Kamchatka-Tourism: Tricky Without Helicopters.

Hi all!

Herewith, the next installment of the travelogue of this year’s Kamchatka adventure.

Today you’ll be getting the low-down – and lots of pics – on the universal, essential means of transport for navigating the peninsula: the helicopter. A lot of the photos aren’t mine; they were taken by other members of the crew of adventurers.

Moutain Helicopter Pad

More: Kamchatka copters and Kamchatka from copters …

Kamchatka Comin’ Atcha!

Howdy, folks!

I’m a big fan of Kamchatka. I’ve been all over the world and seen many of its natural wonders, but nowhere on this planet have I seen such a high concentration of natural beauty and unusualness, mixed in good proportions with overcoming difficulties of the on-foot and water-based tourist way of life, with mushrooms, fish, red caviar, and roaming bears. They say that New Zealand is also such a uniquely beautiful volcanic-mountain-lake land, but I haven’t been – so I can’t compare the two yet. Sooner or later I’ll get myself there though, and will be able juxtapose them for you. But for now – the Kamchatka Peninsula.

I won’t wax lyrical as I often do on these here blog pages; I’ll limit my words here to just the following: Kamchatka is unbelievably amazing and fantastic, utterly unique, and as a result totally mind-blowing. I’ve just confirmed this to myself one more time. As if I needed convincing!

Practically in a straight line along the eastern coast of the Kamchatka Peninsula there are seven unique natural phenomena, each of which could easily be put on the list of the world’s natural wonders. The curious thing is that practically nothing is known about these extraordinary places in the West – or in the East, and even in Russia too.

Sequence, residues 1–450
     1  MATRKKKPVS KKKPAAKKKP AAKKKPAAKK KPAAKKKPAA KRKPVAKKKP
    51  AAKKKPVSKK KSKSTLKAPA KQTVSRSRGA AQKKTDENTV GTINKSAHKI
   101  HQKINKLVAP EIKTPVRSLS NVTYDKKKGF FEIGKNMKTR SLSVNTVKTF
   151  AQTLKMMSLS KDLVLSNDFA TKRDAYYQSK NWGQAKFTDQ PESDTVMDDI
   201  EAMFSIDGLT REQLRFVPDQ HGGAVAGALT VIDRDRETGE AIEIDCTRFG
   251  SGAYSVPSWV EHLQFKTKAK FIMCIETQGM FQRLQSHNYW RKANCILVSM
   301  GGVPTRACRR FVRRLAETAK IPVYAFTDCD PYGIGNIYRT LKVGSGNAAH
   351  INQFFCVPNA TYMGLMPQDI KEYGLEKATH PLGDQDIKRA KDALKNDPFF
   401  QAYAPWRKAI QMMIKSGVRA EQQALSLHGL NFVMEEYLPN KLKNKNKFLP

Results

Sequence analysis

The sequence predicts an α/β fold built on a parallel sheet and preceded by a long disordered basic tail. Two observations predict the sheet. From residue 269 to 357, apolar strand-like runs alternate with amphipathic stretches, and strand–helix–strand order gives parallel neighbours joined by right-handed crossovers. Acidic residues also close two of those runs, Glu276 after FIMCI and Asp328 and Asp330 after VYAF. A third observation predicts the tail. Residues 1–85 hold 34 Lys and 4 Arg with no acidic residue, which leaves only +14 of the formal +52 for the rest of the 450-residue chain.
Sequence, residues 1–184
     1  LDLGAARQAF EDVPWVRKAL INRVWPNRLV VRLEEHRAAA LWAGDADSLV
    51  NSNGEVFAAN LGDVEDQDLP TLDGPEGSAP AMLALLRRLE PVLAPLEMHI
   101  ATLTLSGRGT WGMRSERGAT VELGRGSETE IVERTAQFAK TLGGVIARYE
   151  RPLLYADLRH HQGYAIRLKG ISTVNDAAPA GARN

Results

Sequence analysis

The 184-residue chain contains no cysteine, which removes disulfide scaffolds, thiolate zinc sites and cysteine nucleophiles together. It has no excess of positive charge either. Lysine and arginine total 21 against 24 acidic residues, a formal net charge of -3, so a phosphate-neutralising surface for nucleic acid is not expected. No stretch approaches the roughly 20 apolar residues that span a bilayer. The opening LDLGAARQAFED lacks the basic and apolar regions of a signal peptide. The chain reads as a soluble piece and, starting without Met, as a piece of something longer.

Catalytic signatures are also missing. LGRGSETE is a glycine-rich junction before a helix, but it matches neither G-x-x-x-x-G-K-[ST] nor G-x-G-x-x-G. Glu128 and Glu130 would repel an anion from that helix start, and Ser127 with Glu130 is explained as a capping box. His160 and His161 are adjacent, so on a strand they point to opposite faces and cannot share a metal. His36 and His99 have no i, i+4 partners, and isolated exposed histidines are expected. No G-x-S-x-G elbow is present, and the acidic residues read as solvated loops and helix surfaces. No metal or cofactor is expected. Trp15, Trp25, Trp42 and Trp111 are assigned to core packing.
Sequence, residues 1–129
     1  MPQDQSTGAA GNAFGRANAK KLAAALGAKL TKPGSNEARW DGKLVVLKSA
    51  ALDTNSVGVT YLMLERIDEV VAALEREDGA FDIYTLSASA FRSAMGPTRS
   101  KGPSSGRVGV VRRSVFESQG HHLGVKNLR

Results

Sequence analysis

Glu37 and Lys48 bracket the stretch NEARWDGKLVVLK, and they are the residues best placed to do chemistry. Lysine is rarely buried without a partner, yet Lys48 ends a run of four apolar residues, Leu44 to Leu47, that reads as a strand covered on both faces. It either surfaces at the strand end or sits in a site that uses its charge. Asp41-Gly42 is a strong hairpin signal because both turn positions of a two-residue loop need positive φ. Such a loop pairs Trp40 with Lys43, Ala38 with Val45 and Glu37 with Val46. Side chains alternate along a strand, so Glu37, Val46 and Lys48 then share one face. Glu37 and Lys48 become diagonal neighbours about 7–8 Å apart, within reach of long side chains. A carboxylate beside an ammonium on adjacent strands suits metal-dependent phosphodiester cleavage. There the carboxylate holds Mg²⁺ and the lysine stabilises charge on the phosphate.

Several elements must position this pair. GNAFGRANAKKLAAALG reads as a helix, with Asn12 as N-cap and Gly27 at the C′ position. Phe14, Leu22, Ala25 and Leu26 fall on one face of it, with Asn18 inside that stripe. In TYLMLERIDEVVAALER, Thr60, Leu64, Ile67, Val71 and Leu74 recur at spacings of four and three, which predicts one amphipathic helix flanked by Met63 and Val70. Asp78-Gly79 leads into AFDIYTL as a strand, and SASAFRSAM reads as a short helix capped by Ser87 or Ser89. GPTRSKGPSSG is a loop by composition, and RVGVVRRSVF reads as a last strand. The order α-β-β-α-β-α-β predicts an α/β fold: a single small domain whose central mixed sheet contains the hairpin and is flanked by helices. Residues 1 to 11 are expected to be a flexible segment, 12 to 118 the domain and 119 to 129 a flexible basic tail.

What would the average Russian person stopped in the street say if asked about Kamchatka? Probably: “it’s a place where there’s plenty of fish, caviar, bears and huge crabs”. Some might even be able to add: “it’s where the Valley of the Geysers is”. However, that valley is just one of the seven Kamchatka wonders. Let me give you the full list, from North to South:

  1. The Kluchevsky Group – a dozen or so huge to mid-sized volcanoes, in a relatively confined space.
  2. Tolbachik, and the Severny Proriv (Northern Rupture), which is a black desert – the result of a crack that formed during a long eruption in the mid-1970s.
  3. The Valley of the Geysers and the Uzon caldera – bubbling and erupting volcanism.
  4. The Mutnovsky volcano range and the Gorely volcano – monumentally beautiful volcanic structures.
  5. Khodutka – the largest thermal springs in the world, which form a too-hot-to-swim-in lake.
  6. Ksudach – a crater inside a crater, a lake, and overall surrealism.
  7. Kurile Lake – bountiful bears, and stupefying scenery.

The story of how the 2012 month-long expedition went I’ll be publishing here in installments.

But with no more of a do, let’s cut to the chase and get to the pics in this first installment – a few for each of the seven wonders of Kamchatka:

1. The Kluchevsky Group

Sunset Mountains

More: And the other six Kamchatka wonders …

Kamchatka-2012, Day 0.

Howdy all, from the village of Paratunka! Here we’re at a small hotel that has warm water springs in its grounds that flow into natural swimming pools. All ecological, none of that horrid chlorine, and great fun! Paratunka is near the end tip of Kamchatka, in the far-far-far-east of Russia. The hotel was nothing special, but that didn’t matter. The only things that did matter were the nice warm temperature and freshness of the water in the hotel’s pools.

Kamchatka Hotel

Read on: Kamchatka-2012, Day 0.